Monday, 7 June 2010

Eimai hortofagos. Den troo kreas i kotopoulo

Although I had done a little research on vegetarian options, we actually struggled to find many dishes that were suitable. It was okay finding fresh fruit and vegetables and dips, but cooked dishes like Pourgouri a cracked wheat that is steamed with fried onions to make a nutty pilaf and served with yogurt, louvia me lahana a mixture of greens cooked with black eyed beans was not to be seen on any menu: and when I thought I came across something that looked vaguely vegetarian such as the Koupepio rolled vine leaves stuffed with rice and Melinzanes Yiahni (Iman Baylidi), annoyingly both had mince meat in them.
One of the reasons for the poor selection of traditional albeit vegetarian cuisine was our location. We were based near a place that had a large British immigrant community and catered primarily for British tourists. So if you wanted a full fried English or Scottish breakfast, a toastie or even a chips, you'd be fine, but a traditional Cypriot and vegetarian menu wasn't so easy to come by. Another reason for our lack of sampling of cooked traditional cuisine was family. When your travelling/staying with friends or family you find yourself restricted as some members tend to limit themselves to food they know, so it makes it hard for you to experiment and enjoy new, local and traditional cuisine. So a number of compromises had to be made. So for breakfast we mainly had toast with eggs; or Greek yogurt with fruit. For evening meals it was jacket potato with salad or a meze style plate with dips. And if we ate out and we barely did as it was self-catering, it was necessary to eat at a place where the menu was familiar. Whenever we had the opportunity D and me would sneak off to the local bakery and pick up some sweet syrup soaked pastries that were dubbed as Lebanese delights, tahini seseame paste pies and something that was known as bourekia pastry. These were filled with fresh curd cheese and honey and dredged with icing sugar. It felt naughty but nice. Along with the sweet pastries, we had some savoury ones such as these spanakopitta and pastry horns full of black olives (above)
These are halloumi pastries, mashed potato, mint and onions. I have to admit that I even ate a number of frozen food products, but you will be pleased to learn these were all frozen Cypriot dishes: spanakopitta and koupes fried rissoles stuffed with mushrooms. I think there was only one day that D and me got to eat out without family and we stumbled across a little place called Laona that was promoting itself as a traditional Cypriot eatery. Even better it had a number of vegetarian dishes. I was just going to have a bowl of louvi black beans, but the owner said he would bring us a few vegetarian dishes to sample. Though all were familiar to me, I was a happy bunny. Here are some of them.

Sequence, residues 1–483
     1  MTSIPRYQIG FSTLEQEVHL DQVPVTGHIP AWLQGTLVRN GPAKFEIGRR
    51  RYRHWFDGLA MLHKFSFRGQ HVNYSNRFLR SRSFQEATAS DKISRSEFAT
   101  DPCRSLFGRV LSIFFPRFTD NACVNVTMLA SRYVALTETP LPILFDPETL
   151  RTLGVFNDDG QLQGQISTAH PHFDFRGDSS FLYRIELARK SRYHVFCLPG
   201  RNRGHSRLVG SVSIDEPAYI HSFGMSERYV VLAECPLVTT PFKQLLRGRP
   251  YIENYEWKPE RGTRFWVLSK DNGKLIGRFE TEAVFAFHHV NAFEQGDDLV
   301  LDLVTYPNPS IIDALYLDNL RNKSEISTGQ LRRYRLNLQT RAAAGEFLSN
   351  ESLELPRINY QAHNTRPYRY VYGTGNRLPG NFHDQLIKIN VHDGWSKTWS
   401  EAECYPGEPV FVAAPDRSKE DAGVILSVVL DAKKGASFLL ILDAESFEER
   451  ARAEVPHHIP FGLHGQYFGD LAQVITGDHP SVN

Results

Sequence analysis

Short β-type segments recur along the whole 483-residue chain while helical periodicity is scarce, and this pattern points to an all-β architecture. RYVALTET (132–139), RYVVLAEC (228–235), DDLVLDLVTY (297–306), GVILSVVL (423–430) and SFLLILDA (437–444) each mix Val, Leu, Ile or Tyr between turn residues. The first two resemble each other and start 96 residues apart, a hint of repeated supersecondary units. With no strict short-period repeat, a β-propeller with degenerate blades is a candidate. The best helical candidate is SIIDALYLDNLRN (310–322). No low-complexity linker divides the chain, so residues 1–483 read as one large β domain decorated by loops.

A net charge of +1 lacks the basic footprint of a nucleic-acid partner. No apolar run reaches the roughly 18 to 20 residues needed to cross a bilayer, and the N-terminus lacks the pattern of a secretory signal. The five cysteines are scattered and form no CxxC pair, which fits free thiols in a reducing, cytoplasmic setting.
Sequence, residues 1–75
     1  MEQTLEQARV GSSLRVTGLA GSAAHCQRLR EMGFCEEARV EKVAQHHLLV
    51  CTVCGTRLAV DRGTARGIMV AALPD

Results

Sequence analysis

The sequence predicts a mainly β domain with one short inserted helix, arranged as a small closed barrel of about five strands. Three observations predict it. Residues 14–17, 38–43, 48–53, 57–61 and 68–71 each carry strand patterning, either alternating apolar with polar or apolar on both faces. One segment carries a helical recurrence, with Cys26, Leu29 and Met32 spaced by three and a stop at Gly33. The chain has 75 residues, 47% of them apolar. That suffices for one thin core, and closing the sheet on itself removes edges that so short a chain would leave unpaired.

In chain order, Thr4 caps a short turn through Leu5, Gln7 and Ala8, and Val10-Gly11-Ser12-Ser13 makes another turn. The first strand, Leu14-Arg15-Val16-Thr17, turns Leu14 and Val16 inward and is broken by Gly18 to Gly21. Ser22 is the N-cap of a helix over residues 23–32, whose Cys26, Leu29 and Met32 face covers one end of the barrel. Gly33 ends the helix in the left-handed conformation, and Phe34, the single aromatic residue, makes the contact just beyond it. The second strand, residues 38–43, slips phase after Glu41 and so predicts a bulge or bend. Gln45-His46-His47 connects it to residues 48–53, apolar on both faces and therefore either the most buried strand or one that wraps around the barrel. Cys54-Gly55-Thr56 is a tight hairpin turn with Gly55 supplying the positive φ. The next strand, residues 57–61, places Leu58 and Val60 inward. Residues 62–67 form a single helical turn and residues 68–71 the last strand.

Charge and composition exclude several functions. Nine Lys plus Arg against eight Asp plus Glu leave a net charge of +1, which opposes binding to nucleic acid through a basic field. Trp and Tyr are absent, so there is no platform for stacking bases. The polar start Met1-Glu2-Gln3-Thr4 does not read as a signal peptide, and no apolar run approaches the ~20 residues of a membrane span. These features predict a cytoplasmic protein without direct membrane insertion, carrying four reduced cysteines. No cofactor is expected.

Dried broad bean soup with lemon and marrow.
Minted vegetables.
It was towards the end of our holiday we came across a place that offered a traditional vegetarian menu. D's parents were familiar with this place as they had eaten there before. So everyone was happy with what was presented before them.
We both had the Yemista, stuffed vegetables (courgette, pepper or tomato) with rice, onions in a tomato based sauce.
This little eatery was next to St Pauls Church in Paphos, Cyprus where the the Pope recently visited.


  1. I'm so glad you continued posting about your lovely trip as well as highlighting all this amazing food.
    It entices me to want to learn more about this cuisine.
    Thanks for sharing the beauty.
    Flavourful wishes, Claudia

  2. Thanks Claudia. I just wished I got to try more.

  3. What a shame you had such trouble finding veggie food. I have trouble when I go away also.
    The stuffed vegetables look SO good!


  4. That all looks brilliant. I used to work in a couple Greek restaurants (was vegetarian at the time) and think I lived off salads, gemista, tiropita & spanakopita. So very delicious. I've never attempted to make spanakopita - have you? Not sure I could work with phyllo that well...

  5. Rose.
    I can imagine it being much harder for you being a vegan.

    Thanks Christine.
    I have made spanakopitta.
    But not in the coil style.

  6. my goodness this food looks good, especially the halloumi pastry, the combniation of ingredients sounds delicious! looks like you had a fantastic holiday!

  7. Thanks Clare. I did have a nice break. Glad to be home though.

  8. We were in Paphos at Easter and the food was lovely - I too got hooked on Halloumi Pastries. We spent a lot of time in the local supermarket because we couldnt get enough of all the lush fruit and veg - your pictures took me right back there...

  9. Thank you so, so much free range girl.

    Shows that this is a small world.

    The halloumi pies when fresh were lovely and I agree with you about the fresh fruit and veg.


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